Although they were used by the United Kingdom even before the American Revolution, private prisons reappeared in the modern era under Reagan’s influence.
Inconceivably for civilized Europe, the prison system of the USA has been turned into a for-profit business. Shares in prison companies are bought and sold on Wall Street. In the well-chosen year 1984, the Corrections Corporation of America (CCA) was awarded a contract to take over a prison. A whole industry has been created. Already a judge has been sent to prison, for creating clients for his friends in the prison industry. Just three of the prison companies hold more than 200,000 prisoners. Some overseas. “Guanatanamo” is just the name of a syndrome (of loving to put people in prison).
More than 3% of the adult (more than 18) population of the USA is presently emprisoned or under judicial supervision. This is the highest rate in the world. It’s nearly twice Russia, nearly thrice Iran, more than five times China. So why is president Obama criticizing human rights in, say, Russia? Because it’s anti-American not to do so?
The New York Times article was accompanied by all sorts of advertizing for the private industry that gravitates around incarcerating people (“Save 80% on prison calls!”). In many American cities a whole system of making money from money lent to get out of jail exists. (Ah, yes, because if one has enough money, one walks out of jail; probably what the esteemed American “philosopher”, Harvard’s Rawls, called “justice as fairness”.)
The USA had largely ended solitary confinement at the end of the 1800s, when the Supreme Court almost declared it unconstitutional in 1890. However, cruel, long-term solitary confinement has been reintroduced in recent decades.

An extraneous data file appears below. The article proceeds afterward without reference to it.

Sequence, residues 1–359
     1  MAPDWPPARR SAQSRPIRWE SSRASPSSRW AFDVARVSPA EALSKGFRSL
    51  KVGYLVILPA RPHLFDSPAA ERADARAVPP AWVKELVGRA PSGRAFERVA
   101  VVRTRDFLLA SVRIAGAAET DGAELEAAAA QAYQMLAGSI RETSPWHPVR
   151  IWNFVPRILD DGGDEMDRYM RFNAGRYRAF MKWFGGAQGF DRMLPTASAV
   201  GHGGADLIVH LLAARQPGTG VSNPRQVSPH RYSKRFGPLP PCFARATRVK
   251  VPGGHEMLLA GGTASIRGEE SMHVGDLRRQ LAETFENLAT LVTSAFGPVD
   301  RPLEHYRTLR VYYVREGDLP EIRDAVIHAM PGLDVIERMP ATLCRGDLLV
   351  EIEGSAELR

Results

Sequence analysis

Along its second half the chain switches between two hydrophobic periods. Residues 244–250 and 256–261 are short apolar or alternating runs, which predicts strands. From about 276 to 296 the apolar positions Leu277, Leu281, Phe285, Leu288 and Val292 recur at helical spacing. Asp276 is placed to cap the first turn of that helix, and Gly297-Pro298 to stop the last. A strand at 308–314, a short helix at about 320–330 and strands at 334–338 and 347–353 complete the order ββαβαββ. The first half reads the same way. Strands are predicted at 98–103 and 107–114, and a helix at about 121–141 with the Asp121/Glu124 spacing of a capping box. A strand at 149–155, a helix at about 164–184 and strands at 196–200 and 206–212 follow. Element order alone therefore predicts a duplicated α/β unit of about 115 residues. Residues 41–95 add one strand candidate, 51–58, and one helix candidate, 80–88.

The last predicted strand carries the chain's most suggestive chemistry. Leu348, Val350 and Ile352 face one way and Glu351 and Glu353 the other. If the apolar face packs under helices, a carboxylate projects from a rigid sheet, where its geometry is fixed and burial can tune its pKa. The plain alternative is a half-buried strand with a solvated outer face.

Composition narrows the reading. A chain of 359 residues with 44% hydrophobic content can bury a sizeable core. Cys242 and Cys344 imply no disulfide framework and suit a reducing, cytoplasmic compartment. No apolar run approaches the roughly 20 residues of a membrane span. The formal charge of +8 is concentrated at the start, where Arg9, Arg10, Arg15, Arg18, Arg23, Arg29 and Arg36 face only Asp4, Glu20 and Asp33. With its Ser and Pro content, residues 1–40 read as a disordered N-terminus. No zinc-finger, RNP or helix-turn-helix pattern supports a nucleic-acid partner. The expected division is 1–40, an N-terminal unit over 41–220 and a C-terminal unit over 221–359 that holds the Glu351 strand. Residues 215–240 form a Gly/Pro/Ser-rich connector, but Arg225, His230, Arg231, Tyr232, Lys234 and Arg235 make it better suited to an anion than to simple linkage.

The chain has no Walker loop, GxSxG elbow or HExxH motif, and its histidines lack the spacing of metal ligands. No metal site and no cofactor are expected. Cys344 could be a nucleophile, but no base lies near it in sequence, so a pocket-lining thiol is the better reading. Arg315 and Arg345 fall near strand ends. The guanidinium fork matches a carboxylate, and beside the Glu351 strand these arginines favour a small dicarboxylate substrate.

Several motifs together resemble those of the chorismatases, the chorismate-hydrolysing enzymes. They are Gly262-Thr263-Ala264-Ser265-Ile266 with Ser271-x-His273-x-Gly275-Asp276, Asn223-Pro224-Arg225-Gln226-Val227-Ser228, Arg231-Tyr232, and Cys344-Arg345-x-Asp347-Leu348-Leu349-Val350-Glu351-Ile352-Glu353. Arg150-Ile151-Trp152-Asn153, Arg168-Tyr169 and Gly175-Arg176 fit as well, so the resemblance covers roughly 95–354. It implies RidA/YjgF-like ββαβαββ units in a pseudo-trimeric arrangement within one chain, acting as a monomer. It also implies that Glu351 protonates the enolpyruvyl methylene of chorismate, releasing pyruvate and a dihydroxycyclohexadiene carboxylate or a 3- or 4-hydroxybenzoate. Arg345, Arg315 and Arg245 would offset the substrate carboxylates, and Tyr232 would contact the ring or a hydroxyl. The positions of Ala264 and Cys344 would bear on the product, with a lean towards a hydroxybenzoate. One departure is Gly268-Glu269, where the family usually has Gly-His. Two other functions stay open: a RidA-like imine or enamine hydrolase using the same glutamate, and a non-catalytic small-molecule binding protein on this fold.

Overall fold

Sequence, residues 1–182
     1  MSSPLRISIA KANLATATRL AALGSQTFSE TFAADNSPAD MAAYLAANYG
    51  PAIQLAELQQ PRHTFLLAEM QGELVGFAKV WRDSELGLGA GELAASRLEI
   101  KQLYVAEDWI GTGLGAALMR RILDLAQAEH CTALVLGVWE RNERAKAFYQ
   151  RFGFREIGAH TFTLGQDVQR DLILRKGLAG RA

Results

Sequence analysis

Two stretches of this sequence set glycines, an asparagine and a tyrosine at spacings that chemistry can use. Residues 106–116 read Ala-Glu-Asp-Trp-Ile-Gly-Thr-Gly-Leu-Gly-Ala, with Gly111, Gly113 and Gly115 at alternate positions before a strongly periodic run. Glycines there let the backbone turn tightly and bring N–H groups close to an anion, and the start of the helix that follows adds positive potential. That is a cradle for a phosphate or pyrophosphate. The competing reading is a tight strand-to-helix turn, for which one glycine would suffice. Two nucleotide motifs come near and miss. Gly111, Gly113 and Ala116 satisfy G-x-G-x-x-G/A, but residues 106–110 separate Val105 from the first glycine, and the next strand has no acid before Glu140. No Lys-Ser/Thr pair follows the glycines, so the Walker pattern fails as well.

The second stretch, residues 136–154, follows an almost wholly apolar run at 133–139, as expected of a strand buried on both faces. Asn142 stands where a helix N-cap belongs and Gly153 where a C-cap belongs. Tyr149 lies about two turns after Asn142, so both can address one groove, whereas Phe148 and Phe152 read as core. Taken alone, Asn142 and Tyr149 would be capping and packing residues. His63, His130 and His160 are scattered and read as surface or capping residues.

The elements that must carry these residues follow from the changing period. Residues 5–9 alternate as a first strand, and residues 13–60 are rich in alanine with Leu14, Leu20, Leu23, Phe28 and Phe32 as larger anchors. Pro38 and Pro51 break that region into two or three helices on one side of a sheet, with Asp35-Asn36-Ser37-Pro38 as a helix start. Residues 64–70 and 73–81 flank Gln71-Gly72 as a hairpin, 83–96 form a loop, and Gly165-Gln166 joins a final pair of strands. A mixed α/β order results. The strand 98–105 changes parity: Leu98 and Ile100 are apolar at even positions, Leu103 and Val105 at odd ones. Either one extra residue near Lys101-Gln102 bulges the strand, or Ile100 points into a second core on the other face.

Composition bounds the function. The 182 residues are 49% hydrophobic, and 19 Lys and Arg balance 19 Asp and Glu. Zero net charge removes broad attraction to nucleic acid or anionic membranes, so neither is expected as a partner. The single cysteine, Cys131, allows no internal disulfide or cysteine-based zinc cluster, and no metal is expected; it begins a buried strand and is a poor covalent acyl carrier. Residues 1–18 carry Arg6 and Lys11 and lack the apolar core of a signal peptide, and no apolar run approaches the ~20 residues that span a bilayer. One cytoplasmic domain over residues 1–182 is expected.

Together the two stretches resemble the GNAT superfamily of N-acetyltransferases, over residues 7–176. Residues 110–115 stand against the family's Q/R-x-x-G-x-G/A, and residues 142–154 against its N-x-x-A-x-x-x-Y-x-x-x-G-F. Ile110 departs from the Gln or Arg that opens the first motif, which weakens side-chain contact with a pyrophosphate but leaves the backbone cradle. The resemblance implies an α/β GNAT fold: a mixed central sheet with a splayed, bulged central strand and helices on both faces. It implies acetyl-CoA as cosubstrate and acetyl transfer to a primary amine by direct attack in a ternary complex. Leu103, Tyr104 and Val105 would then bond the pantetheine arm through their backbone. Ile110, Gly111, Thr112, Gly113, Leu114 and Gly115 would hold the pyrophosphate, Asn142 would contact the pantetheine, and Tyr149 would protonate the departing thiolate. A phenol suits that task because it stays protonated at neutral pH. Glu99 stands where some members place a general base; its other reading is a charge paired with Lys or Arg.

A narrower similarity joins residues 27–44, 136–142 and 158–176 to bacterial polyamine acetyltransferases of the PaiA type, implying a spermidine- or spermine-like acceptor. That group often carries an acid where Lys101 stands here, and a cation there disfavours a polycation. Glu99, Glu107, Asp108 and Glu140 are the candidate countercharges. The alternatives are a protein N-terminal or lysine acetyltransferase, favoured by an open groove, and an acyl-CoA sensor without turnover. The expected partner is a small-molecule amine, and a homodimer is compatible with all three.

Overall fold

Winston Churchill said that one can best judge a society by the state of its prisons. In solitary, a prisoner is kept in a small cell for 22-1/2 hours per day without human contact, fresh air, or sunlight. A toilet and sink are in the cell, and food is slipped in through a slot.
“Exercise” consists in wandering in shackles in another solitary cell for an hour.
Nationwide, 81,000 prisoners are in solitary confinement. In California 2% of the prison population is in solitary. In Pelican Bay prison alone, 500 prisoners have spent more than a decade in solitary. 78 have been there for more than 20 years. Long-term solitary confinement ought to drive prisoners insane, and it often does. 42% of California prison system suicides are by inmates in solitary. For those who survive, rehabilitation and successful reentry in society is close to impossible.
This is indeed “America’s Awful Terrible No Good Very Bad Prison System”.
Solitary may be appropriate for limited duration with truly dangerous prisoners. But evidence shows that it is far too often being used to punish, or minor infractions.
Thus we may be already in a worse situation than in the Middle Ages. In the Middle Ages, indefinite detention was viewed as inhuman.
In an inhuman society where revolt is impossible, an answer is. drug addiction. That’s why drug addiction is so developed in California: methamphetamine labs are all over the huge tracks of California without police presence. Those in turn bring a lot of theft. Hence more savage repression. A vicious circle.
Freud famously said that:“Repression is civilization”. Right, in some ways. However, savage repression does not bring civilization, it brings barbarization.